Podcast - Why Our Teachers Are Turning to Sex Work

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2 Comments

wildlifezone's picture
wildlifezone

Funny, I just logged on to ask you to discuss this topic. I am an adjunct teacher, I have taught biology, environmental science, and ecology in the U.S. and Ecuador for Boston U, SDSU, and community colleges. I have 2 MS degrees, I have worked in the real world as a wildife biologist and env'l consultant for 25 years. I have  been an environmental activist practically my entire life and for that reason I especially love teaching environmental science because it is a topic that impacts everyone form every corner of the planet and it is something students can relate to no matter what theirmajor - after all we are talking nature, air, water, chemicals, energy, health, species, climate change - it's got everything. Every time I teach I have one to a handful of students tell me I changed their life. I wish that was enough payment, but it's not, and the worst part is I find myself saying what I swore I never would: they don't pay me enough to do that (insert time-intensive teaching strategy/grading/ assignment here). I have to work 2 - 3 jobs just to stay afloat, I certainly can't afford to pay my bills on an adjunct salary, and the rules keep us from teaching enough to be full time thus necessitating benefits that they don't want to pay. When I add all of the hours I work every week for teaching but am not paid for, my real world salary adds up to about $11/hour.

Meanwhile Ivy league professors get tenure, handsome salaries, security, and summers off, not to mention the automatic repsect and power such a position garners. I met USC professors living in huge trophy homes in L.A, yet their students told me they were medicore to horrible teachers, because they weren't trained or invested in teaching, just research. The system is broken, and the pay gap continues to widen as over 50% of professors are part time and paid terrilby with no benefits.I pride myself on my devotion to being a damned good teacher who has takne many classes onpedagogy, not just the subject matter, unlike my tenured peers who only require a PhD in any obscure subject to teach in that general field. But thanks to capitalism and undercutting, de-valuing of us teachers, I could make much better money as a plumber or Lyft driver than a teacher. It is a terribly depressing reality. I want to teach more, yet I have all but given it up because neither my time or passion is valued or compensatied.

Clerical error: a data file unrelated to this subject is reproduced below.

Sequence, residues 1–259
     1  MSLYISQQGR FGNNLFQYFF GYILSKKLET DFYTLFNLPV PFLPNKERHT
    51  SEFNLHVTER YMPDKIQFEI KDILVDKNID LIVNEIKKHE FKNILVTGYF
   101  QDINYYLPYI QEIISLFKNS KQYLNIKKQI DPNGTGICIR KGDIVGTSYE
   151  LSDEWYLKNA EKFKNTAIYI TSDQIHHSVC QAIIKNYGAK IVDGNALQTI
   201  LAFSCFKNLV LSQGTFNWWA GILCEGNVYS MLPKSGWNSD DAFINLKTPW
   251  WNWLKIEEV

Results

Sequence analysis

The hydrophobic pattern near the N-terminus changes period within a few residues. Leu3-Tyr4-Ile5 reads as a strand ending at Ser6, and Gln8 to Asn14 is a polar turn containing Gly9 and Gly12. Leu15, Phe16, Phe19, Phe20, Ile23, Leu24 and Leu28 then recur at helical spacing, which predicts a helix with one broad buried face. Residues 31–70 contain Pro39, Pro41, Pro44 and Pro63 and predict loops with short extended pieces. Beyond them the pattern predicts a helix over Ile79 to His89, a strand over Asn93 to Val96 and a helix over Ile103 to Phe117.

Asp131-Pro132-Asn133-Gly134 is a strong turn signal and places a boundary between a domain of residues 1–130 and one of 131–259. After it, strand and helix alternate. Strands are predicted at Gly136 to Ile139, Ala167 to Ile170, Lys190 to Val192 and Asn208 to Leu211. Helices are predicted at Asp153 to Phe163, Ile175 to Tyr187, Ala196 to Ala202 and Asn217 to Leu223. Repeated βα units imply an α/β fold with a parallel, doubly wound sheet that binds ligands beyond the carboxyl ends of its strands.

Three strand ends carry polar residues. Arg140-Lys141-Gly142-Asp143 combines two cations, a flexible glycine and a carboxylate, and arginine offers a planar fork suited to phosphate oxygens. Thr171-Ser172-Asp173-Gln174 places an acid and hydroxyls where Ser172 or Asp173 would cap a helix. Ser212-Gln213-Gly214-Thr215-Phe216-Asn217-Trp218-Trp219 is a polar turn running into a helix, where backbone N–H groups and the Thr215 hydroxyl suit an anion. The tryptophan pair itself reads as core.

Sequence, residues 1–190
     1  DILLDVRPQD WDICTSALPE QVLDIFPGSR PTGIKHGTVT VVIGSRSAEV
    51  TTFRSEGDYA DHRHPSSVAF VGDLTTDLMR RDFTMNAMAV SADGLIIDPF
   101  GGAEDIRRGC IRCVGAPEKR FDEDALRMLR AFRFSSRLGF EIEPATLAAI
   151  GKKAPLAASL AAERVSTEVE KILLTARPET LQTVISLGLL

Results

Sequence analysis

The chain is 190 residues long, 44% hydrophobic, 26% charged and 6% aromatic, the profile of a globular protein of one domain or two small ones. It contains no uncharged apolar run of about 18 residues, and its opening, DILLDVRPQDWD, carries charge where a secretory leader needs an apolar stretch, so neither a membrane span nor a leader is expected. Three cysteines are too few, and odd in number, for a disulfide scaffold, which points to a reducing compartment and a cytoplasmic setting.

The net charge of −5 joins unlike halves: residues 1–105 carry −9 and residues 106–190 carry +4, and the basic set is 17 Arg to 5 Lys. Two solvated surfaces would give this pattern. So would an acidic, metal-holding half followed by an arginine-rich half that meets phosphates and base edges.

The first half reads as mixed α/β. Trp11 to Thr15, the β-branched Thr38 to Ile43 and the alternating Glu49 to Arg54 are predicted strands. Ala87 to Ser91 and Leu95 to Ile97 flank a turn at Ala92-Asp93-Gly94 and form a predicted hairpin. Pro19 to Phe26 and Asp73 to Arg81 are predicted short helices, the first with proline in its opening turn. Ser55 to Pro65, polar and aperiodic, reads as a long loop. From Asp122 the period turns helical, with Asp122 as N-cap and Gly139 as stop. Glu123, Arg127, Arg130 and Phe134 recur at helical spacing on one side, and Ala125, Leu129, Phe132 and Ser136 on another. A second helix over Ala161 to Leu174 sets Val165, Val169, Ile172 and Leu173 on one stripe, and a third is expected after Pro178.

wildlifezone's picture
wildlifezone

Funny, I just logged on to ask you to discuss this topic. I am an adjunct teacher, I have taught biology, environmental science, and ecology in the U.S. and Ecuador for Boston U, SDSU, and community colleges. I have 2 MS degrees, I have worked in the real world as a wildlife biologist and env'l consultant for 25 years. I have  been an environmental activist practically my entire life and for that reason I especially love teaching environmental science because it is a topic that impacts everyone from every corner of the planet and it is something students can relate to no matter what their major - after all we are talking nature, air, water, chemicals, energy, health, species, climate change - it's got everything. Every time I teach I have one to a handful of students tell me I changed their life. I wish that was enough payment, but it's not, and the worst part is I find myself saying what I swore I never would: they don't pay me enough to do that (insert time-intensive teaching strategy/grading/ assignment here). I have to work 2 - 3 jobs just to stay afloat, I certainly can't afford to pay my bills on an adjunct salary, and the rules keep us from teaching enough to be full time thus not necessitating benefits that they don't want to pay. When I add all of the hours I work every week for teaching but am not paid for, my real world salary adds up to about $11/hour.

Meanwhile Ivy league professors get tenure, handsome salaries, security, and summers off, not to mention the automatic respect and power such a position garners. I met USC professors living in huge trophy homes in L.A, yet their students told me they were mediocre to horrible teachers, because they weren't trained or invested in teaching, just research. The system is broken, and the pay gap continues to widen as over 50% of professors are part time and paid terribly with no benefits.I pride myself on my devotion to being a damned good teacher who has taken many classes on pedagogy, not just the subject matter, unlike my tenured peers who only require a PhD in any obscure subject to teach in that general field. But thanks to capitalism and undercutting, de-valuing of us teachers, I could make much better money as a plumber or Lyft driver than a teacher. It is a terribly depressing reality. I want to teach more, yet I have all but given it up because neither my time or passion is valued or compensated.

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